Los Angeles sheriff appears to back down after reporting he was investigating reporter

On Tuesday, he alarmed press freedom advocates by lashing out at a press conference and saying a Los Angeles Times reporter was under criminal investigation. Later in the day he attempted to walk back his alarming comments, but it’s important to understand the context, including Villanueva’s highly controversial behavior and attacks on the media.

Villanueva has repeatedly pointed the finger at LA Times reporter Alene Tchekmedyian who is just doing her job covering her department. Chekmedyian has published a series of stories about an incident in which an MP knelt on a detainee – including a post Monday about an allegation that Villanueva was involved in a cover-up.

At Tuesday’s press conference, Villanueva displayed and pointed to a photo of Chekmedyian, plus one of his political rivals and the sheriff’s inspector general. The arrows implied a connection between the three. Villanueva called the video of the incident that Chekmedyian had obtained “well stolen”. And he said he was investigating “all parties” involved in the case. When repeatedly asked if Chekmedyian was specifically under investigation, Villanueva replied that “all parties to the act” were being probed.

But after widespread condemnation and a warning from the newspaper’s general counsel, Villanueva somehow backtracked. “As a result of the incredible frenzy of misinformation circulating, I must clarify that at no time today did I say that an LA Times reporter was a suspect in a criminal investigation,” the county sheriff’s department said. of the. tweeted Tuesday evening. “We have no interest in pursuing, and we do not pursue, criminal charges against journalists.”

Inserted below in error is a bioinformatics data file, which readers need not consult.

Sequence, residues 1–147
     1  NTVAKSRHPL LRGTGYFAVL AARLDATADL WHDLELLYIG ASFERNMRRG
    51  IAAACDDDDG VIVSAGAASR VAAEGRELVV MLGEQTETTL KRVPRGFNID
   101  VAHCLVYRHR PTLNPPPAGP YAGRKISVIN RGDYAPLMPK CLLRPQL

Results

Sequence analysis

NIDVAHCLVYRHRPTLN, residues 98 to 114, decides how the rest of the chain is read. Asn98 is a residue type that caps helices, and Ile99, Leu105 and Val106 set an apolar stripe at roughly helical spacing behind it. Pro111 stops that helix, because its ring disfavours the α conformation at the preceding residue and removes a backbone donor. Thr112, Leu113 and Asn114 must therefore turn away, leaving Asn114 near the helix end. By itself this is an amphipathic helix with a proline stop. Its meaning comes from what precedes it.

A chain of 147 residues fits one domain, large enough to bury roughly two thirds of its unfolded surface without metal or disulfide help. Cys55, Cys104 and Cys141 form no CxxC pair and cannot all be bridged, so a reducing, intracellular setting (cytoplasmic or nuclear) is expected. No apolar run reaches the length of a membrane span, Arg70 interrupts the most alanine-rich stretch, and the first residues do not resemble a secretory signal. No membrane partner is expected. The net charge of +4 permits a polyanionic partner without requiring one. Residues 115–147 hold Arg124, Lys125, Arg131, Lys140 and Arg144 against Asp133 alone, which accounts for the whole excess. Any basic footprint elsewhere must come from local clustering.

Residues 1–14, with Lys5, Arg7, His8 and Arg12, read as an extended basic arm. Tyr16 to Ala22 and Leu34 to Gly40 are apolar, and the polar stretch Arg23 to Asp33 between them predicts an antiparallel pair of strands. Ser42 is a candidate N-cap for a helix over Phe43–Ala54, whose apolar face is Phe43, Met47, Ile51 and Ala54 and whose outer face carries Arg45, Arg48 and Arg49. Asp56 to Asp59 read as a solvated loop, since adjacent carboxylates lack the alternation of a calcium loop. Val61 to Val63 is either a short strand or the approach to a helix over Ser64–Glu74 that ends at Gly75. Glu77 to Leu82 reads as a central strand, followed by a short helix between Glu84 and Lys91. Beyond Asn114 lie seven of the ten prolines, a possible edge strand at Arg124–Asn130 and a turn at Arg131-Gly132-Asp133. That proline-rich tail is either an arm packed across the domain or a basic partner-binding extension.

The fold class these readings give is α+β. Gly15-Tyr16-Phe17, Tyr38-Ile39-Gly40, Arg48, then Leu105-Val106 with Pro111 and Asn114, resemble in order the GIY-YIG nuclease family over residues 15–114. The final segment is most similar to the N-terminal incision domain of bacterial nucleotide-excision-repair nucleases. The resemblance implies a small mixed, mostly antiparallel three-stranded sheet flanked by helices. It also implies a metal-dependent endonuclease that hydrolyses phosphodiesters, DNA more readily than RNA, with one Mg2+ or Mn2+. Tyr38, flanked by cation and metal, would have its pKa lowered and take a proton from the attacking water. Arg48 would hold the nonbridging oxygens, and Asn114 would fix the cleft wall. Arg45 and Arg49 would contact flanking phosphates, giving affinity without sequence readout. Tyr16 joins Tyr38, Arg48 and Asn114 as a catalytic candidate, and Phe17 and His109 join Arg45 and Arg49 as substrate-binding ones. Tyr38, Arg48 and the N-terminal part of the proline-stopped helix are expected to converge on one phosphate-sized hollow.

Notably, Villanueva seems to have set up a straw man here. There is a difference between being under investigation and being a suspect in an investigation where criminal charges may be laid against the person. The first was reported by news agencies, the second was not…

“An abuse of your official position”

Hours before the department’s tweet, LA Times General Counsel Jeff Glasser wrote the sheriff a scathing memo. Glasser described Villanueva’s remarks as a “thinly veiled attempt to intimidate ‘to intimidate Chekmedyian’ for reporting unflattering (but entirely accurate) information about the conduct of individuals in your department and allegations of a cover-up by you and other officials”.

Glasser said it was “an abuse of your official position which risks exposing you and the county to legal liability.” He demanded that the department “keep all records related to any ‘investigation’ of Ms. Chekmedyian or any other LA Times employee in this case.” You can read the full letter here…

A story of going after the press

This is far from the first time Villanueva has made the press a target, as LA Mag’s Ian Spiegelman wrote earlier this month. He has already opposed Chekmedyian. The LA Times recalled an incident last year in which the sheriff’s department refused to speak to him. “The department suggested it would take questions from ‘any other’ Times reporters,” the article said. “The Times declined to assign a new reporter to the story.”

Widespread denunciation

>> Kevin Merida, editor of the LA Times, said “Villanueva’s attempt to criminalize reporting goes against well-established constitutional law…”

>> Robert Garcia, the mayor of Long Beach City, which is in LA County, said it was “a clear attack on the incredibly dangerous and free press” and called on other elected officials to “speak out against this behavior and oppose these actions of the Sheriff…”

>> The Reporters’ Committee for Freedom of the Press called Villanueva’s decision “out of reach” and a violation of the First Amendment, condemning it in the “strongest terms…”

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